The Media Services team provides assistance for faculty to obtain and/or create their own captioned media if they so desire. This page provides specific information about available services, and the process to get assistance.
Our video and captioning support services are designed to meet the varying needs of our faculty:
assist faculty in the DECT Grant process
assist faculty by providing general information and links to tools, tutorials, and vendors for those who prefer to caption on their own
assist in helping faculty to acquire already captioned materials
assist in getting faculty materials captioned if this level of assistance is needed
video capture services, and tips for those faculty who prefer to create their own video content
If you need assistance, please submit a request to User Support Services. Provide specific detail about what assistance you need, and we will assign to a media specialist to your request. Media and captioning services require time to process. Please plan for a 2-4 week turnaround time for your request.
The easiest and most cost-effective method to obtaining captioned commercial video is to purchase already captioned videos. Because the time it takes to caption video content is lengthy (which includes the copyright requirement for us to obtain permission), it is recommended that faculty purchase only captioned DVD/Blu-ray when available, including replacing older non-captioned media by purchasing new.
If you choose to caption an older film, we legally must secure the permission of the distributor before captioning, to protect the copyright. Here is an example email for a captioning permission request for those who caption on their own.
We assist faculty in obtaining DECT grant services! Please visit our DECT page for in-depth information and instructions on how we can help you obtain this service. Allow 4 weeks for the entire process to be completed.
DECT is a grant managed by the College of the Canyons. The DECT grant is for educational material directly attached to curriculum and is intended to process the majority content of a course at one time.
Information and training about captioning your own content can be found at http://www.htctu.net. The High Tech Center Training Unit of the California Community Colleges is a state of the art training and support facility for community college faculty and staff wishing to acquire or improve teaching skills, methodologies, and pedagogy in Assistive Computer Technology, Alternate Media and Web Accessibility.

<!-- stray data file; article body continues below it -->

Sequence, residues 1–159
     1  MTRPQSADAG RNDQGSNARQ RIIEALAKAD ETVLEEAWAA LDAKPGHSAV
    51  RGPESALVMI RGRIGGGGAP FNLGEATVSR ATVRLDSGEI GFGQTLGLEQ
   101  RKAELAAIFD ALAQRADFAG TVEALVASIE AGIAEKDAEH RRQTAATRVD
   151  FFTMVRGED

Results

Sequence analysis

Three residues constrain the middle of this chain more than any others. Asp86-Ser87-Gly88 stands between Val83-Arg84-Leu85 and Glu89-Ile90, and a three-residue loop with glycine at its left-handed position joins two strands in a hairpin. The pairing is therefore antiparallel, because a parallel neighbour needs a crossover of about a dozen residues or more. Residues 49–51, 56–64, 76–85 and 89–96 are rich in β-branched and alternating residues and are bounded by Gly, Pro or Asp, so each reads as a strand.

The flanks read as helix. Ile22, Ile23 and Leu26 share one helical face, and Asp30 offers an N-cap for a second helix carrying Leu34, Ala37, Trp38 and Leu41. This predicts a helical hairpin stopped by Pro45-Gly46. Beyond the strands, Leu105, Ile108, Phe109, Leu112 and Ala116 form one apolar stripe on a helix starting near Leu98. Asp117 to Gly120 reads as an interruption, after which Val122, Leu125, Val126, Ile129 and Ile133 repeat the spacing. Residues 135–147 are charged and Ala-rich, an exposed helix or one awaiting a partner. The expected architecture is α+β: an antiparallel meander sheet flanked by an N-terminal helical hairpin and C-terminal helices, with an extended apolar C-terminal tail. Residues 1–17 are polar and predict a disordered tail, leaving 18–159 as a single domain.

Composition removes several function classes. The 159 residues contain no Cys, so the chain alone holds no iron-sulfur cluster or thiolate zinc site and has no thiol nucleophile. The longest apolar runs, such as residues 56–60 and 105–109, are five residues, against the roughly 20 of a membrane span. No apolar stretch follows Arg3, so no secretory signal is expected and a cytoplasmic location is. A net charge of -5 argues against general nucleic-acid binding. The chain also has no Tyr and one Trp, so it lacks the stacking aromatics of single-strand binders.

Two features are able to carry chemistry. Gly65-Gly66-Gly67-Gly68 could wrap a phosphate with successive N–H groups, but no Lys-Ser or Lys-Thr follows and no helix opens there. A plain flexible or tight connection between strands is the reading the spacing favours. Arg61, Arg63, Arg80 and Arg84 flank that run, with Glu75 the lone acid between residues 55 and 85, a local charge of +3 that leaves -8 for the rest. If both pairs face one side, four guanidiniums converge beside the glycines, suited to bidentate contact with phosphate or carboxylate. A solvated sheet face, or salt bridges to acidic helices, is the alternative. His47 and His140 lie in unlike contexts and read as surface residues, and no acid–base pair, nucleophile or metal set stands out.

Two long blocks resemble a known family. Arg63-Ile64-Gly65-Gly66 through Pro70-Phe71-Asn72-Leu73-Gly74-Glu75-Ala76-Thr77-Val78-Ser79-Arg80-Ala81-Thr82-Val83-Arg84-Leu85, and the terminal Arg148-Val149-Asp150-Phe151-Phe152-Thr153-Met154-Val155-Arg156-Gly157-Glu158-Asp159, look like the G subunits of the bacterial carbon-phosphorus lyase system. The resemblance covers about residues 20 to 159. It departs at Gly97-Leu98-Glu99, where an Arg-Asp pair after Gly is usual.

The Butte College Universal Design for Learning pages provides an excellent overview about accessibility and course design.
YouTube EDU - Collections of education videos, organized by level, topic, course.
ViewPure - Paste your YouTube URL, and ViewPure will give you a URL to use without the distracting "related videos" that get displayed on the YouTube site
Camstudio.org: Free screen recorder software for Windows.
Screencast-o-matic.com: Free browser-based (no download) screencasting and hosting services
Webinar: @One Captioning the DIY way
Webinar: @One How to Caption in YouTube
A list of captioning vendors can be found at the HTCTU on their Closed Captioning page. It is the responsibility of the department to pay for all captioning.
Once files have been captioned, faculty can request assistance to get captioned content into their course by submitting a request to User Support Services.
Media services will work with faculty to capture lectures and create video course content. We will work directly with faculty to ensure that content is of professional quality, is captioned, and is available to their Canvas courses.
Please submit a request to User Support Services to schedule. Please allow 4 weeks for this process.
For those faculty who prefer to create their own video content, we recommend that you incorporate the following techniques to achieve the best quality content:
Microphone quality: You will likely get better results from the auto-transcription engines when using a better quality microphone.
Good Lighting: Make sure you have good lighting so that your video content is easy to see.
Using proper sentence structure: Another way to get better results form the auto-transcription engines is to use proper sentence structure and grammar in your recordings. This can be difficult to do in our normal speech patterns, but it does improve performance when it comes to the auto-transcription processes.
Using a script: One way to make the captioning process easier is to write out the script before doing the recording. The transcription step, then, is taken care of and it's just a matter of syncing it to the video afterwards. This can also be a good way to ensure that you cover everything that you need to in your videos, while keeping it short and focused. You can take the script one step further and use it to make it easier to maintain eye contact with the camera while reading your script.
Find a Workflow for You: You may find that you have several options when it comes to recording and captioning your instructional media. Don't let this be overwhelming. Find a workflow that you are comfortable with and that works well for you.
Be sure to check out our Helpful Links page for additional links to tutorials, information, and other resources about captioning.